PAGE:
I would agree with WillC, try tropicals to avoid the dormancy problem. Or, research to see what cares if it goes into dormancy.
www.sumiredesigns.com
Name: Kevin Langley
London UK
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AmberLeaf
Jun 4, 2020 3:58 PM CST
Some of those plants look would look quit good particularly the Philodendron plant as it looks very jungle like with nice big leafs, I also have high ceilings where I'd be hanging the lights from. Pothos, ZZ plant, Dracaena, peace lilies, lucky bamboo are on my list. I am looking to increase my lighting but figuring out the safest and efficient way of doing things as lights can run pretty hot.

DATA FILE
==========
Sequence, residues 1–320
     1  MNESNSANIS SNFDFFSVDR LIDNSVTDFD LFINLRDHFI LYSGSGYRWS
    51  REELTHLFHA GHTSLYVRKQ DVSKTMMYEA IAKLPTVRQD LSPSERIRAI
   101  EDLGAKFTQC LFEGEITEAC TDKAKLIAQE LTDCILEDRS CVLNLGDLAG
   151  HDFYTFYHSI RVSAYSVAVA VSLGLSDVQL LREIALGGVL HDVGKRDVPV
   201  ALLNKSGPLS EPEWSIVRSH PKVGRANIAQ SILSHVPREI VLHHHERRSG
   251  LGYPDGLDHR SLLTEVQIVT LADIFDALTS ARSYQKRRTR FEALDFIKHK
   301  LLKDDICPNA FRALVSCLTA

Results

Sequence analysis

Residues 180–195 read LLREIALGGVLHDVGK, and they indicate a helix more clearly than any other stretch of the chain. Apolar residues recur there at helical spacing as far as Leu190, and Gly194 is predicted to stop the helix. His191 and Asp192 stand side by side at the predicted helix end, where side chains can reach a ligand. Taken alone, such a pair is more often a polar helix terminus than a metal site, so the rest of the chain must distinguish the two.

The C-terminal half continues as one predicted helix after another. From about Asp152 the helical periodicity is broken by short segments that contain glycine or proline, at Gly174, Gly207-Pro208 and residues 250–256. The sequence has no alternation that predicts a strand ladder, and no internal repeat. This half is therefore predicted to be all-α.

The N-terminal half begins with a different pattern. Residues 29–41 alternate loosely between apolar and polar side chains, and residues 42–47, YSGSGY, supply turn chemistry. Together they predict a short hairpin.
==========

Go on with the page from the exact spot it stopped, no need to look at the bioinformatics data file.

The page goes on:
I have an old brass hanging light in my living room which can take up to 5 bulbs and I'm thinking about getting the brightest L.E.D corn bulbs I can find and I'll be making a reflector with some foil to minimize any wasted light so I should have a good amount of lumens to work with and I'm also thinking about growing a couple more mango tree's and some date palms and I'll be using some aditional grow lights for those two plants if necessary which would look nice with the other indoor plants mentioned above.

The bonsai trees like the willows and oaks I'll just leave those outside but I'm thinking about doing a plum tree for indoors. I have a feeling a plum tree would be ok indoors.
[Last edited by AmberLeaf - Jun 4, 2020 4:02 PM (+)]
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Name: one-eye-luke US.Vet.
Texas (Zone 8a)